07 May The Oracle of Delphi
The Oracle of Delphi
We take an early bus to Delphi. It’s a pilgrimage many have made before, to the belly button of the earth, the oracle of Apollo. We pass through undulating mountains carpeted in green moss. The closer we get the thicker the air becomes, weighted with particles of water. They water becomes a visible fog, a condensed sensation setting down upon us, entering in streams through the open bus windows.
I sit behind the driver, watching the curved road roll toward our destination. I am expecting the haggard oracle balanced over a creek of fuming liquid and think of little else.
Mother asks, “So this is a temple for Apollo?”
After three hours, we arrive in Delphi and climb the winding walled paths leading to the platform of columns. I’m imagining where the eagles met and landed on the tawny cliffs of Mount Parnassus, where only vultures circle now. Each wall is hand-fitted, interlocking stones like a cobbled jigsaw puzzle. We see only the remains of the hollowed out egg.
Mother asks, “What’s the story?” while examining a stone wider than her arm-span.
“Apollo was the god of lots of things: art, athletics, medicine, and prophecy. He predicted things with an oracle.”
“A priestess …she would’ve lived here, an old woman called a Pythia, who could project her soul into the domain of the gods and ask questions. She could also allow her body to be inhabited so the gods could answer.”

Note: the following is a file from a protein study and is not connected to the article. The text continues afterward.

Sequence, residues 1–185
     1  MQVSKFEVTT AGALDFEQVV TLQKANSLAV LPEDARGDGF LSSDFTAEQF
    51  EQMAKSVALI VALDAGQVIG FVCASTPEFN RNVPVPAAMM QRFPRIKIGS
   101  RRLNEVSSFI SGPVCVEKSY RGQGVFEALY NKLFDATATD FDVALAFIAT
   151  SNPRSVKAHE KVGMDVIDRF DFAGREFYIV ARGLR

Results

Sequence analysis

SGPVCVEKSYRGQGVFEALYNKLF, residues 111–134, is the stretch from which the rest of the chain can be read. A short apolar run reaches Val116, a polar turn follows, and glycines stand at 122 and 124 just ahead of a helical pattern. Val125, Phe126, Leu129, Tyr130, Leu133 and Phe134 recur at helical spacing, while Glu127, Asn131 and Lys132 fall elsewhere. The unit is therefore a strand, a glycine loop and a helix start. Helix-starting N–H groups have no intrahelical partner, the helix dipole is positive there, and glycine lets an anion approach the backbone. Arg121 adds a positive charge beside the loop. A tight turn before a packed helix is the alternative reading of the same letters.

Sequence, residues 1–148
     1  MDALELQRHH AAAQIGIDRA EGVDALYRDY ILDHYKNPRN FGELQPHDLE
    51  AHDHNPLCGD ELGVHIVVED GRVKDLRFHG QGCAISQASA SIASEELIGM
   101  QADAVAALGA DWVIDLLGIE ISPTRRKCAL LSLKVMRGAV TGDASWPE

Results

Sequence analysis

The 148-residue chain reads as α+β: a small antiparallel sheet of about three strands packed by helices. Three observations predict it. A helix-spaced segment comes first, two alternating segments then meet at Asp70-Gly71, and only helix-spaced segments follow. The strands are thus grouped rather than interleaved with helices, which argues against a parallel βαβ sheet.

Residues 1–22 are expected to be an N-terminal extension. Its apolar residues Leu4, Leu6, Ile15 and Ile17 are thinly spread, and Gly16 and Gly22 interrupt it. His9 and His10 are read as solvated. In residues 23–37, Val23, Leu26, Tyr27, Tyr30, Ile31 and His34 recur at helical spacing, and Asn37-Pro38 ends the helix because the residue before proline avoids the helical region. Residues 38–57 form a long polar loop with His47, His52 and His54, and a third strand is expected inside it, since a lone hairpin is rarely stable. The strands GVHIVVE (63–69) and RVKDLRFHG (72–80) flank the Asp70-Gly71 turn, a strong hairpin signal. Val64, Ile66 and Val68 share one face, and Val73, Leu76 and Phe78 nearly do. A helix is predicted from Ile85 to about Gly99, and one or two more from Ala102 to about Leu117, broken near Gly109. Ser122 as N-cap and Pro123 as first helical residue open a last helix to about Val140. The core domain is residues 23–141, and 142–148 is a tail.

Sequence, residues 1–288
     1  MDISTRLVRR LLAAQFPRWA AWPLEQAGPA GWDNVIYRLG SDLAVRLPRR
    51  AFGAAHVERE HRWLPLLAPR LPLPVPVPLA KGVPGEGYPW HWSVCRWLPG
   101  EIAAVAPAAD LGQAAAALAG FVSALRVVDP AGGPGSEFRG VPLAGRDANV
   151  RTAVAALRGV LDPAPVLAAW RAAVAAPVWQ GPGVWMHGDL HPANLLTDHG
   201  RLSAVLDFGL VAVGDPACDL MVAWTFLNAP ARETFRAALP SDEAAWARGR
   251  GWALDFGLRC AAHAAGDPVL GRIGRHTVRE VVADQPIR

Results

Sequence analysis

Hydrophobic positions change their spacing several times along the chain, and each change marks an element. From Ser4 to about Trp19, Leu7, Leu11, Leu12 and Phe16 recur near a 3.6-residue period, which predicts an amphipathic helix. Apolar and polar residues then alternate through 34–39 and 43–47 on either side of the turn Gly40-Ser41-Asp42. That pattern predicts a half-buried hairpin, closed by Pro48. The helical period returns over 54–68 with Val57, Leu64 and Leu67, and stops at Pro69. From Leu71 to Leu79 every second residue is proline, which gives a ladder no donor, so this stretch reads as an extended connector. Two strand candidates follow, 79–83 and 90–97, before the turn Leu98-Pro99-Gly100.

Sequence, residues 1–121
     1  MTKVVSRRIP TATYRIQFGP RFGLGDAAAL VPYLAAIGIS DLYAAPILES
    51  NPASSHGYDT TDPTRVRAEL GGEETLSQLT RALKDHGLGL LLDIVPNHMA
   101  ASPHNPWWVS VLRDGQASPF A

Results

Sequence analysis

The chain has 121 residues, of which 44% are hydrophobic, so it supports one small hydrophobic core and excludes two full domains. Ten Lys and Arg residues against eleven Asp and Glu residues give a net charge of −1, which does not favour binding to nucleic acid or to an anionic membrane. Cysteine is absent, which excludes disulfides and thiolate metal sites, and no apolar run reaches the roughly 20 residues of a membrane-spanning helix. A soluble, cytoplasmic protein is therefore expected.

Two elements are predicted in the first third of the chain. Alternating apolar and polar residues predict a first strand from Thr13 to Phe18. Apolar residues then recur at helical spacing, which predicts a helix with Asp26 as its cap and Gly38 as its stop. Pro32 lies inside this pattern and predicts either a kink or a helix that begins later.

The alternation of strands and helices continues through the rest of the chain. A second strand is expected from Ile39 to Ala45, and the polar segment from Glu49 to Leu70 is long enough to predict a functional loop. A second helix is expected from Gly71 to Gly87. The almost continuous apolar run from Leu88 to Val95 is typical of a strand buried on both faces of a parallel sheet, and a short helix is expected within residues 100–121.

The sky drapes a warm blue shadow on extensive ivied walls; the length of them consisting of crumbled, once-ribbed stones. There are more shadows on the path. We walk toward the grey columned platform with stacked cylindrical pieces like balanced peaches due to the fleshy context of weathered, pink stone.
We enter the semi-circular stone amphitheater; tall, skinny bush-like trees and shrubbed crags rise around us.
“The Pythia would breathe in a toxic liquid that would put her into a trance. She would breathe it through a stone,” I continue, “Legend says the liquid was the decomposing body of Apollo, who had fallen into the cracked stone.”
I’m walking through my imagination’s past: fumes rising from the chemical stew passing underground, a creek in her sanctuary, inhaling deeply, speaking in riddles.
“I’ll tell you,” she says, “these stories are interesting, but they just don’t make sense.”
It’s funny how significance to one may mean nothing to another – or stranger yet – how we are all rooted in the same imagery but it has multiple divergent interpretations, the collective aspect buried under social conditioning. I, myself, am drawn to Apollo. I’m drawn to the creation of inspired images. They come to me without request, a neuron rush in sleep, as self-aware as a swallow of cold water in the morning.
On the way home the bus stops in a small town, Arapahoe, where we eat snacks and look at the handmade rugs they’re famous for. I care nothing of rugs because my thoughts are elsewhere.
I wanted to see the oracle. It’s a thought I can’t escape. The gifts I’d bring couldn’t compete with the sacrifices of the past. Would I be admitted? What would she tell me? Would she hiss from her tripod, sucking the rising plume? A vision in color, spoken in tongues, shrouded in grey by the flickering light.